Robert Lax (1915-2000) was a poet with a singular vision and style whose quest to live an authentic life as both an artist and a spiritual seeker inspired Thomas Merton, Jack Kerouac, William Maxwell and countless others. Known in the U.S. primarily as Merton’s best friend and in Europe as a daringly original avant-garde poet, Lax lived a life of simplicity, humility and grace that continues to encourage and motivate readers and followers.
Curated by author Michael N. McGregor, this website is dedicated to presenting and celebrating Lax’s life and works, as well as the lives and works of others who bring together faith and art or seek to promote peace, joy and love in this world. You’ll find a description and ordering information for McGregor’s biography of Lax, Pure Act: The Uncommon Life of Robert Lax, at the bottom of this page.
Garrison Keillor has featured Robert Lax’s poetry on his “The Writer’s Almanac” radio show several times and the poems are all still featured on the “Almanac” website. You can even listen to Garrison Keillor read them. The one to read or listen to now, perhaps, is “Greeting to Spring (Not Without Trepidation),” which first appeared . . . Read more »
I’ll be talking about Robert Lax in the context of Catholic Literature and Biography as part of a panel on that subject at the 2017 Catholic Imagination Conference at Fordham University’s Lincoln Center campus April 27-29…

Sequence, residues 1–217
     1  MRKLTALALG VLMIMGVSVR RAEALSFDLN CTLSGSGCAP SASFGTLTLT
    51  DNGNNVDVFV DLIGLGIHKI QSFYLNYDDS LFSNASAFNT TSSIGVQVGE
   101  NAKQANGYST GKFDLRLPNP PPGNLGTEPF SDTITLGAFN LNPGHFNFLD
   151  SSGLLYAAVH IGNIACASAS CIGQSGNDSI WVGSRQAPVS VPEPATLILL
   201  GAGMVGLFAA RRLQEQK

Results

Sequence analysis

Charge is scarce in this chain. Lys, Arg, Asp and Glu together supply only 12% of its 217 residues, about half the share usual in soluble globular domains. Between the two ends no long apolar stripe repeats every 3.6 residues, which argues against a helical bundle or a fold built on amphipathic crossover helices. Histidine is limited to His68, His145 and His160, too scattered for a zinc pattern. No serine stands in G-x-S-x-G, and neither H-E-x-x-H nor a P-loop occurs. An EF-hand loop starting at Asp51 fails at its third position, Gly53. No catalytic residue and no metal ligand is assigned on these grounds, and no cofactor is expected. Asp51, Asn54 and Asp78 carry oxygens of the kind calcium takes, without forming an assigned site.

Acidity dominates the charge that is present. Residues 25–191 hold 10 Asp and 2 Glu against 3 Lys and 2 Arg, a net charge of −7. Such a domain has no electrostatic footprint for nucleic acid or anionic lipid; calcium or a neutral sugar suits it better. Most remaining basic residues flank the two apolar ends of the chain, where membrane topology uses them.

Pure Act tells the story of poet Robert Lax, whose quest to live a true life as both an artist and a spiritual seeker inspired Thomas Merton, Jack Kerouac, William Maxwell and a host of other writers, artists and ordinary people. Known in the U.S. primarily as Merton’s best friend and in Europe as a daringly original avant-garde poet, Lax left behind a promising New York writing career to travel with a circus, live among immigrants in post-war Marseilles and settle on a series of remote Greek islands where he learned and recorded the simple wisdom of the local people. Born a Jew, he became a Catholic and found the authentic community he sought in Greek Orthodox fishermen and sponge divers.
In his early life, as he alternated working at the New Yorker, writing screenplays in Hollywood and editing a Paris literary journal with studying philosophy, serving the poor in Harlem and living in a sanctuary high in the French Alps, Lax pursued an approach to life he called pure act—a way of living in the moment that was both spontaneous and practiced, God-inspired and self-chosen. By devoting himself to simplicity, poverty and prayer, he expanded his capacity for peace, joy and love while producing distinctive poetry of such stark beauty critics called him “one of America’s greatest experimental poets” and “one of the new ‘saints’ of the avant-garde.”
Written by a writer who met Lax in Greece when he was a young seeker himself and visited him regularly over fifteen years, Pure Act is an intimate look at an extraordinary but little-known life. Much more than just a biography, it’s a tale of adventure, an exploration of friendship, an anthology of wisdom, and a testament to the liberating power of living an uncommon life.